Silver Chair

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Category: English Composition

Date Submitted: 09/09/2016 08:44 AM

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by C.S. Lewis

First published 1953

VERSION 1.1 (Feb 04 00). If you find and correct errors in

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IT was a dull autumn day and Jill Pole was crying behind the gym.

She was crying because they had been bullying her. This is not

going to be

a school story, so I shall say as little as possible about Jill's


which is not a pleasant subject. It was "Co-educational," a school

for both

boys and girls, what used to be called a "mixed" school; some said

it was

not nearly so mixed as the minds of the people who ran it. These

people had

the idea that boys and girls should be allowed to do what they

liked. And

unfortunately what ten or fifteen of the biggest boys and girls

liked best

was bullying the others. All sorts of things, horrid things, went

on which

at an ordinary school would have been found out and stopped in

half a term;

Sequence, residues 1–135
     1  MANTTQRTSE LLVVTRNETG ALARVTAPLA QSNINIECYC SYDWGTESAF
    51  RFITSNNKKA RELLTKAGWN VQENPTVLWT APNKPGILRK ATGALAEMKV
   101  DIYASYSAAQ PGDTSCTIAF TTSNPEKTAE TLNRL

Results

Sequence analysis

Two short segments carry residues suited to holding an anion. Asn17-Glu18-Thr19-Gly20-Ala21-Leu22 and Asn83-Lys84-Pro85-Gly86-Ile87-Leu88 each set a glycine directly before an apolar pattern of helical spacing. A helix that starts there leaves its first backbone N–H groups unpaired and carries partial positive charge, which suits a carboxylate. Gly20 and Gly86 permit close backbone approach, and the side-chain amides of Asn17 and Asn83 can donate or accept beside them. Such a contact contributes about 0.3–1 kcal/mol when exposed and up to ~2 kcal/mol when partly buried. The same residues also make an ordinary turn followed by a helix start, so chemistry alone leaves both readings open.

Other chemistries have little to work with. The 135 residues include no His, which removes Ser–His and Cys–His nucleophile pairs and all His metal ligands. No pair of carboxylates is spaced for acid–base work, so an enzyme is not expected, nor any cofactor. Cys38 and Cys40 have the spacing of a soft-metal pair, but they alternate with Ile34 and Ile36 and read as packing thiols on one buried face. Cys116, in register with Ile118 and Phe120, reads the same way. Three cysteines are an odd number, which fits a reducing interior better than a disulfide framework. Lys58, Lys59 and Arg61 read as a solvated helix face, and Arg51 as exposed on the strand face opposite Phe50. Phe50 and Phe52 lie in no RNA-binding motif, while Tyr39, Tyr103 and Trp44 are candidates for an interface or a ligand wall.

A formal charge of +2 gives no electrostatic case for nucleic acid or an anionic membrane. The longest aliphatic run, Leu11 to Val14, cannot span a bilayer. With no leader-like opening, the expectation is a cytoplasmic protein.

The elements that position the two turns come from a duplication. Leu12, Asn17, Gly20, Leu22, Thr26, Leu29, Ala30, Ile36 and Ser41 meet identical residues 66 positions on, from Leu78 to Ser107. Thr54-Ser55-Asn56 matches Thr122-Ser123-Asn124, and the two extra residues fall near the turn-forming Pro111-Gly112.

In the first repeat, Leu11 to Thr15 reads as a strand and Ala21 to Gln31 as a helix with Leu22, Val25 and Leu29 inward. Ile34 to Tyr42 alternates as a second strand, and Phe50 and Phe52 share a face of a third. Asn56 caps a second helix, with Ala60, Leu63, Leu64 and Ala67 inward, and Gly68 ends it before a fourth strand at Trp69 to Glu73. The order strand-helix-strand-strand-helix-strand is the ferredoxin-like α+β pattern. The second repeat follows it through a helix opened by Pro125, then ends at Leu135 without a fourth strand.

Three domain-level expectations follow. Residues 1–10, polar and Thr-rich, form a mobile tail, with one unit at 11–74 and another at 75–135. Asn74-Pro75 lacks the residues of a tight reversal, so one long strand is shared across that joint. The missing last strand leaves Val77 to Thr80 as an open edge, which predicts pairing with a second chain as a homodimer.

but at this school they weren't. Or even if they were, the people

who did

them were not expelled or punished. The Head said they were


psychological cases and sent for them and talked to them for

hours. And if

you knew the right sort of things to say to the Head, the main

result was

that you became rather a favourite than otherwise.

That was why Jill Pole was crying on that dull autumn day on the


little path which runs between the back of the gym and the

shrubbery. And

she hadn't nearly finished her cry when a boy came round the

corner of the

gym whistling, with his hands in his pockets. He nearly ran into


"Can't you look where you're going?" said Jill Pole.

"All right," said the boy, "you needn't start -" and then he

noticed her

face. "I say, Pole," he said, "what's up?"

Jill only made faces; the sort you make when you're trying to say


but find that if you speak you'll start crying again.

"It's Them, I suppose - as usual," said the boy grimly, digging...